Saturday, March 17, 2012

St Patrick's Day, religious taboos, and food

Twenty years ago today I was standing in the rain, shivering and drenched as wild gusts of wind blew drizzle up into my face, across my numbed fingers, and down inside the tin whistle clamped to my mouth. I was ten years old, dressed in my primary school marching band's green uniform and standing in formation with the rest of the children, about to march throughout my home town playing folk tunes as part of our St Patrick's Day parade. Parents and locals gamely lined the streets in scarves and raincoats to cheer us on through the squalls.

Yet we children did look forward to the day, largely because of a curious Irish convention that the Christian fast of Lent didn't count on St Patrick's Day. For that one happy day in the middle of Lent we were allowed to relapse and scoff sweets and biscuits and sugary drinks.

For non-Christian readers: Lent is a religious period over 40 days preceding Easter Sunday, commemorating Christ's 40 days of fasting in the desert, and over which many modern Christians hold some kind of fast.

In the past (and I gather in some Christian communities still) this fast was pretty severe but by the time I was growing up in the 1980s and 90s it really just meant not eating sweets or biscuits - hard enough as a young lad that the St Patrick's Day dispensation was dearly welcomed.

I've kept on the Lentan tradition and am eating noticeably healthier today (resisting a St Patrick's Day relapse) than I was a few weeks ago. The fast, so hard to handle as a child, is now actually pretty easy and I feel no temptation to break it. I go through my days eating fairly well and finding this easy. Why?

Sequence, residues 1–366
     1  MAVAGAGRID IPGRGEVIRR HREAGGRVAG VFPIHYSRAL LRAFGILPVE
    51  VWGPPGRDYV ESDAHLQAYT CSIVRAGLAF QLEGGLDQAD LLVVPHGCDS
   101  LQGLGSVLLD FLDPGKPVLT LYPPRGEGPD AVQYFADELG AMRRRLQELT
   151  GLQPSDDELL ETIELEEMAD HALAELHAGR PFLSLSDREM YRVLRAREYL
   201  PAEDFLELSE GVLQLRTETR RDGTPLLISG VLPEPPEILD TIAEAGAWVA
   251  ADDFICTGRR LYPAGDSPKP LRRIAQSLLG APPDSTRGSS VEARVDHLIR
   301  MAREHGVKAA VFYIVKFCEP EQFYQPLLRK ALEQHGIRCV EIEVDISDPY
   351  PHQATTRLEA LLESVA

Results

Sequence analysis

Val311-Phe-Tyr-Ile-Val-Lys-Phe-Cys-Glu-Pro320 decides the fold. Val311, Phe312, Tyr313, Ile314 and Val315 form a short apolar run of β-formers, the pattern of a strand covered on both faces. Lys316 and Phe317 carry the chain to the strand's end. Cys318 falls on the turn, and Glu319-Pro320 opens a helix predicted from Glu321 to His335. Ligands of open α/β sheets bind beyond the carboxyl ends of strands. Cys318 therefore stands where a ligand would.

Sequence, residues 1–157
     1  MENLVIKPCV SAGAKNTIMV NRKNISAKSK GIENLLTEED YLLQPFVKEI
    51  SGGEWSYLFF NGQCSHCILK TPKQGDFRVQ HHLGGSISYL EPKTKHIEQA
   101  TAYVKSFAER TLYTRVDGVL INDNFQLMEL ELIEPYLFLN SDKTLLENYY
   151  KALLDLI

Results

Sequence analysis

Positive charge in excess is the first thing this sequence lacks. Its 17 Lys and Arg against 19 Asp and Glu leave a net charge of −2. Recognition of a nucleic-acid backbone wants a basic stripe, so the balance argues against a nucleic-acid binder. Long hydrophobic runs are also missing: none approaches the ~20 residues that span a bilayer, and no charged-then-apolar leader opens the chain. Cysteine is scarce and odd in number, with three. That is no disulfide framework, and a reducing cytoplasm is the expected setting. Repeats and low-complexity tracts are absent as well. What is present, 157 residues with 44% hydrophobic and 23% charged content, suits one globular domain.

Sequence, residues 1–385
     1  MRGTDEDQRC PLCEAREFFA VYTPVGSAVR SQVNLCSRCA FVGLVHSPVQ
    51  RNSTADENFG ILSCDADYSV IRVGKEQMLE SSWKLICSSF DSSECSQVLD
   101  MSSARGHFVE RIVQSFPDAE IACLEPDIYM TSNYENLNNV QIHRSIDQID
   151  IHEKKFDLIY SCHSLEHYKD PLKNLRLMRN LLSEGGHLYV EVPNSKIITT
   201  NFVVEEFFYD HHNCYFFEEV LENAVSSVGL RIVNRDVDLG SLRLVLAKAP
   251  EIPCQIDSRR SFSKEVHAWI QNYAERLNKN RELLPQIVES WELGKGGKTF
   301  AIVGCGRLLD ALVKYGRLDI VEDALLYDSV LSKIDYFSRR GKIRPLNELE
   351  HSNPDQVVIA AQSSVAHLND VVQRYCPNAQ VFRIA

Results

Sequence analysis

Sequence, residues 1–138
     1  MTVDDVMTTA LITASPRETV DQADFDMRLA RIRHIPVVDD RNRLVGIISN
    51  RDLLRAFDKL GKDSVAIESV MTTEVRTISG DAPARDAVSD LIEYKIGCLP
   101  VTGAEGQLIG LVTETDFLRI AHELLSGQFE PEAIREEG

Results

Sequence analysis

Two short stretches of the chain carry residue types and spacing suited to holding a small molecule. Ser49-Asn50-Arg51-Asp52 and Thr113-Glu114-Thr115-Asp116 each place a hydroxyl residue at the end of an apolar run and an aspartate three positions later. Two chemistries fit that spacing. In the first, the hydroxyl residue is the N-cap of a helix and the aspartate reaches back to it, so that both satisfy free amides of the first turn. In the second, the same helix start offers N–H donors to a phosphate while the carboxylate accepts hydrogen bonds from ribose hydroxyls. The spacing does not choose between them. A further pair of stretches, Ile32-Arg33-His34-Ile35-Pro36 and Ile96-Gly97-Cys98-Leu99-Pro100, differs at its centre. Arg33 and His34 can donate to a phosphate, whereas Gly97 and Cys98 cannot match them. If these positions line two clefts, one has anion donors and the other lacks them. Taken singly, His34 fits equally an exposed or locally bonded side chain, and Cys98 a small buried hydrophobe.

We are, I think, back to taboos. The struggle for self-control really all happened when I was a child, and when the issue was framed in a religious context. Fasting at Lent was depicted as a religious duty and, in my monoreligious area, everyone seemed to be doing it so there was no reason to question it. By sanctifying the fast, the element of personal choice was reduced: it must be done, therefore it is done. Now I feel no compulsion when I pass by the confectionery I would normally be drawn towards, because it is simply out, taboo until Easter Sunday.

I have touched on taboos a few times recently with the idea that some taboos might actually be healthy, stabilising forces for society. The longer democracies go without coups and civil wars, for example, the more entrenched they become and the stronger the taboo on seizing power through violence grows. The abandonment of norms and taboos accompanied the collapse of republicanism in Ancient Rome.

I see the difficulty many people have in regulating their diets, and compare this with the relative ease with which I stay off sugary snacks for Lent. Of course I will return to bad habits with Easter Sunday, but perhaps there may be a way for people to regulate their own diets and lifestyle through similar taboos, though I'm not sure how it would be applied. The taboo needs to be unconditional and sort of natural, inevitable, with clearly-defined borders. Once there is a kind of absolute commitment that the individual doesn't even think of questioning, it may be a lot easier to control one's desires.

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